At first I wasn’t too bothered about visiting Germany it had never appealed to me before, my initial reason for the trip was to see a friend who was from Oldenburg and another friend from Stuttgart was meeting us there. I’m glad to say I was wrong, going to Germany was a massive highlight of 2010 and I saw just how beautiful and diverse the country is which some people forget about.
We bought some cheap tickets and on the 4th September we landed at Bremen airport at 1 PM the flight only took an hour. At the airport and all over Bremen is the animal statue Die Bremer Stadtmuiskanten (the town musicians of Bremen). This represents the folk-tale recorded by the Brothers Grimm, the tale is rather ironic because the characters don’t even make it to Bremen. The weather was comfortable at 12 degrees, in the summer the top temperature in Bremen and Oldenburg is 25 degrees. Now I was in Germany I didn’t know what to expect. Our friend met us outside the airport and she drove us to Oldenburg. It was about 25 miles from Bremen(40.23 Kilometres) but there wasn’t much traffic. Seeing Vehicles driving on the right hand side of the road can be quite strange at first but as I and my British friends were informed most European counties and America do the same. That night we went to a German house party, it was quite daunting at first as I didn’t know anyone and neither did my friends who I had travelled with. As a normal tourist you wouldn’t get an experience like that, the students at the party were eager to hear about my culture and I was to hear about theirs. Everyone at the party spoke English, we got told that most people in Germany speak English, it’s considered “cool” to speak the language.
Oldenburg is what I would consider “Real” Germany, it not a tourist part of the country. Oldenburg is a “normal” German city where the locals go about their everyday business. This makes the city even more appealing and interesting to explore. One of the first things you will notice is the lack of cars, the mode of transport that is mainly used is the bicycle. There are numerous designated paths for bicycles in the city, the cyclists have priority, if pedestrians are walking in front of a cyclist, he or she will ring a bell on their bicycle indicating that they want you to move for them. This may seem a little rude at first until you get use to the local customs. Using a bicycle is so popular that there are places where you can rent one from if you haven’t got one of your own. The main shopping area is pedestrianised and bicycles are prohibited, they have to be chained in one of the many bike racks in the surrounding streets. Oldenburg is full of stunning parks but one of the most famous parks in the city is Schlossgarten (The Castle Garden). The park is based upon the style of an English landscape garden. The Rhododendron garden in the castle of Oldenburg is one of the oldest in Germany. Many of the trees being preserved are from the 1800’s and you can see a lot of them by looking across the lake. Another attraction in Oldenburg is the (Landesmuseum Natur und Mensch) it’s the state museum of Nature and man. There are many new weird and wonderful things to see as well as the old. The cost for entry for adults is 5 Euros, Concession rate 3 Euros and family 8 Euros. The museum stays open till 5PM apart from Mondays because it’s closed.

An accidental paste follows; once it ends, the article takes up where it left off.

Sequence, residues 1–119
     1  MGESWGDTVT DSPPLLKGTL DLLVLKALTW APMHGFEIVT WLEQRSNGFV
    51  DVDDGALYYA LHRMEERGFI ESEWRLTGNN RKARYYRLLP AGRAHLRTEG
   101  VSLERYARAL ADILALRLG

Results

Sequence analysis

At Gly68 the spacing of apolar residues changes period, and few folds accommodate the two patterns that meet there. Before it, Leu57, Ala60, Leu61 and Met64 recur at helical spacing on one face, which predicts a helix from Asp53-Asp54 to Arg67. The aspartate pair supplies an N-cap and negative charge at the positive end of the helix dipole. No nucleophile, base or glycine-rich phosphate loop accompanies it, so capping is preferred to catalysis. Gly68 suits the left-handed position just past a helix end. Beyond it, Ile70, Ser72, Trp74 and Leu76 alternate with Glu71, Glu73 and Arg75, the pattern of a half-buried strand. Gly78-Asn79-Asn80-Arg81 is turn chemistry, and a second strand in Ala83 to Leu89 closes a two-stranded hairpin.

Oldenburg is in lower Saxony, this borders on the North sea. This means that Amsterdam isn’t too far away. It’s only 149 miles from Oldenburg (239.74 Kilometres) There are plenty of beaches near the city too if you want a change of scenery.
Hamburg is the second biggest city in Germany, and when you look around you can definitely feel the vibe. To get to Hamburg from Oldenburg you will have to get two trains. The first train you need to get is the train to Bremen. When in Bremen you need to get on another train to Hamburg this should take just over an hour. Hamburg is a tourist hotspot, people from all over the world come to see the sights of the city and there is many attractions you must see.
1. St Michaelis church is an extremely tall building and is the largest church in Hamburg. You can go to the top of the church and see a unique view of the city and the port from 106 meters above the Elbe. The price for the tower tour admission is 3,50 Euros for adults and for children under 12 2,50.
3. The Museum of Hamburg history gives a detailed description of the city from 8th to the 20th Centuries. The museum has three floors. The permanent collection that is displayed are: paintings and graphic art, crafts, culture, history, fishing and shipping.
4. Blankenese, the Elbe hillside use to be a fishing village favoured by retired sea captains.
5. The Reeperbahn is the red light district to the east of the city. There is a restricted street where only men aged 18 or over can enter, women will be turned away at the gates. It’s also home to a sex museum and only people over 16 can enter.
I visited Hamburg and only stayed there for a day. Although I found the trip amazing and I saw a lot of things I didn’t see everything I wanted to. I am planning to visit Hamburg again in the near future to see everything I missed the last time My advice to anyone who wants to visit Hamburg is to stay at least three days to make the most of the city.